“OK, then, Jason, since I know from past experience that you like to sing, why don’t you give me a little ditty about Jason and Carl … what does this tell-all documentary say that you would prefer not be generally known?”
“Nothing, actually” he smiled, keeping up the smarm, but clearly wondering what I knew about his interest in singing. “There is nothing that I have to hide. It’s all in the interpretation, and Carl makes me look like an incompetent boob when its clear that I’m not.”
OK, I could do this. I could give Page all the rope he needs. “Well, let’s start out this way. What was your film about, what were you trying to do originally?”
“I wanted to make a film about the Indian community in Minnesota, around Duluth. These are an oppressed people, a people without a voice, a people with honor and pride and few beyond their community know of this.”
“Which Indians?” I asked.
“Which tribe? Lakota? Arapaho? Chippewa?”
“I don’t know, whatever. Indians. Indians are Indians.”
“OK, Jason, I guess that doesn’t matter. In the bits I’ve seen of the movie, I saw that you interviewed native activist and writer Jim Northrup. He is a major cultural and political leader of his people. What was it like working with him?”
“He is a wise and noble Indian, and provided me with much wisdom.”
“Jason, I hear a bit of snark in your voice. What’s that about?” giving him a knowing wink…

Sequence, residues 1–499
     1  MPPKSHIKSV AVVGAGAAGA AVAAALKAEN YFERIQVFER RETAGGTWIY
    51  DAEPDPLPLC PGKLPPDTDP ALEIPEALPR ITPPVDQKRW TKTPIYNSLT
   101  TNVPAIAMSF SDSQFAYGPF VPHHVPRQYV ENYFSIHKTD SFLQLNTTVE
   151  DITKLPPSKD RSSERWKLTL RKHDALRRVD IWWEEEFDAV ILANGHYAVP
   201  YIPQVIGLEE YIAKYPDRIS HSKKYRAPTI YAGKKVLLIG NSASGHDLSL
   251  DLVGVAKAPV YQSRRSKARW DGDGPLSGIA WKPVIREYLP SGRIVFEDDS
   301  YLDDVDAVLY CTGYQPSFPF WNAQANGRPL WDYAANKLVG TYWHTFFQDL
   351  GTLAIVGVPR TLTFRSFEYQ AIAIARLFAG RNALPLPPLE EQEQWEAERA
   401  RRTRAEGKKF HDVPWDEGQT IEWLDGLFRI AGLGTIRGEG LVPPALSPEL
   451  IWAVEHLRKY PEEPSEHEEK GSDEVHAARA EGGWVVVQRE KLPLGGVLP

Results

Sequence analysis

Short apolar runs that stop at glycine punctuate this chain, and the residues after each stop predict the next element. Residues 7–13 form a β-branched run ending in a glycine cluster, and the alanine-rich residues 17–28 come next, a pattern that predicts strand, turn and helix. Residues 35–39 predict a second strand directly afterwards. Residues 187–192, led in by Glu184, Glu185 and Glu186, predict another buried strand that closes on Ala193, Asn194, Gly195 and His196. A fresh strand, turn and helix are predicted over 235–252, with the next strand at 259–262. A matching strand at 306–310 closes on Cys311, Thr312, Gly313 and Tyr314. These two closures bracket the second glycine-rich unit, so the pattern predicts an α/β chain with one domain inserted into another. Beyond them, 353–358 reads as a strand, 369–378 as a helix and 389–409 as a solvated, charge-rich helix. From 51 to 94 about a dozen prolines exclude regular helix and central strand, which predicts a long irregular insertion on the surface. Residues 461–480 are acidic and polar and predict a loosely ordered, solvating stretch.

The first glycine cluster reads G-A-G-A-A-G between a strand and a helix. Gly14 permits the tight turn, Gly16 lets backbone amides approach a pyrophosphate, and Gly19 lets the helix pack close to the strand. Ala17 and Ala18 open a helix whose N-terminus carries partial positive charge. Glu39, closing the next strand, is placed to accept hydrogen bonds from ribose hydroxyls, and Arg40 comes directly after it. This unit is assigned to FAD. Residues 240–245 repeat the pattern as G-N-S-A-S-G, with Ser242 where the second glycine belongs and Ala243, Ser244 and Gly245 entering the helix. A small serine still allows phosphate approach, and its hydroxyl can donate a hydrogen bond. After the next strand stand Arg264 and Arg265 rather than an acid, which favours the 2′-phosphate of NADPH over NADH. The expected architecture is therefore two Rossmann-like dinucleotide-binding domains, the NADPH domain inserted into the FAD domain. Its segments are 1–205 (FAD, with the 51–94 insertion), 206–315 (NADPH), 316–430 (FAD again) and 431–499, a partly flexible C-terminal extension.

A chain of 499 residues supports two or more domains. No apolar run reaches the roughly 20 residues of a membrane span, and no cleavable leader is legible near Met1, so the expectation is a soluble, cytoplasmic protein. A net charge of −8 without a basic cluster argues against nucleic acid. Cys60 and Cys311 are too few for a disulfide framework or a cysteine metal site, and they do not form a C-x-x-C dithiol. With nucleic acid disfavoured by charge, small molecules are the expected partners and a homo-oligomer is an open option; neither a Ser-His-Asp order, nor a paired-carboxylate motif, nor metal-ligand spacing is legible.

His snark delivered with a straight face now transformed into a smirk… “Man, that guy was so full of shit. He tried to mislead me so many times. He had me going for a while, but I was on to him.”
“Northrup told you to go to the Reservation to learn about the way of life of the Indians in the area. What kind of experience was that?”
“It was a truly awakening experience for me … spiritual, even. The way of life of the Native is truly close to the Earth, pure, enriched, sacred.”
“Seriously?” I captured his eyes in an incredulous stare.
“What, are you kidding? No, it was not! These Indians are living in condos. They get their damn food in grocery stores! They don’t hunt or gather … they wear regular clothes, they have a college that anybody can go to even if you are not an Indian with classes on totally un-Indian topics like literature and science. It is unbe-fucking-lievable. There was only one teepee and it was in the frackin’ museum….”
“It wasn’t a teepee…” chimed in Red Haired Girl.
“It was a wigwam. These Indians don’t use teepees. They are Woodland Indians….”
“Shit!” cried out Jason, quite exacerbated and bouncing up and down on the couch, “These Indians don’t have shit! I wanted Indian Shit! There was no Indian Shit at all! Hey, what are you anyway, an anthropologist or something?”